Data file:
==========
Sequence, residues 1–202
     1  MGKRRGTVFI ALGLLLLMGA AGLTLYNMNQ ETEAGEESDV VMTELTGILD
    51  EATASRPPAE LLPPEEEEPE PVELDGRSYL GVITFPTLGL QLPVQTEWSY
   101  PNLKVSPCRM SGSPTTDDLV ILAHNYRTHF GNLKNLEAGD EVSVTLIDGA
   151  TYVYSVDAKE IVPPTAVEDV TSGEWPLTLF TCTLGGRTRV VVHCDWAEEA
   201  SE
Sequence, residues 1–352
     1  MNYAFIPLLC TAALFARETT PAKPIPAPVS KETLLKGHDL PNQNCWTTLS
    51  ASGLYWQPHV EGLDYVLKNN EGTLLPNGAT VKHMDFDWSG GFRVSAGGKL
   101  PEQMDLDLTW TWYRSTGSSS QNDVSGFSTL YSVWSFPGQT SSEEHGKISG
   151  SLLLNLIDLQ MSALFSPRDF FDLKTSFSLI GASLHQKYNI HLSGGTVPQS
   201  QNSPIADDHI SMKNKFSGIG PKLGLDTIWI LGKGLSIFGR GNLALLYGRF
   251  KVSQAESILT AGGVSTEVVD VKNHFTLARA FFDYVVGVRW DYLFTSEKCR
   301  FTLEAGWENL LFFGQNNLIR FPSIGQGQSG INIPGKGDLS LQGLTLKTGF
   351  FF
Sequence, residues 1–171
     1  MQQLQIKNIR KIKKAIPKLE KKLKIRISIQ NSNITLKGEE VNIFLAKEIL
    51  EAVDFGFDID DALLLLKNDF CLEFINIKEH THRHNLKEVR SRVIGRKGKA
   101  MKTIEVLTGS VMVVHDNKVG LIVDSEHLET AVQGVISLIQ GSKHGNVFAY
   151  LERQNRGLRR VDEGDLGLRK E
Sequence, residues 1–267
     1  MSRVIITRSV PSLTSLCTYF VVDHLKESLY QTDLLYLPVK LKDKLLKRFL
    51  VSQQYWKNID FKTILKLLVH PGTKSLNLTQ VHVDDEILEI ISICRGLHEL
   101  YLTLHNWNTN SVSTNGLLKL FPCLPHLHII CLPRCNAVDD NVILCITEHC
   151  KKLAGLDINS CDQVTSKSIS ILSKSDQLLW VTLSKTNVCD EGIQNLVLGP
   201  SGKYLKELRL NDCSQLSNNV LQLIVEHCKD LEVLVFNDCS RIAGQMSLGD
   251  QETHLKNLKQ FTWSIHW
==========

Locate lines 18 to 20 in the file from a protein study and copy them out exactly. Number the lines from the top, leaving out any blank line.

    51  EAVDFGFDID DALLLLKNDF CLEFINIKEH THRHNLKEVR SRVIGRKGKA
   101  MKTIEVLTGS VMVVHDNKVG LIVDSEHLET AVQGVISLIQ GSKHGNVFAY
   151  LERQNRGLRR VDEGDLGLRK E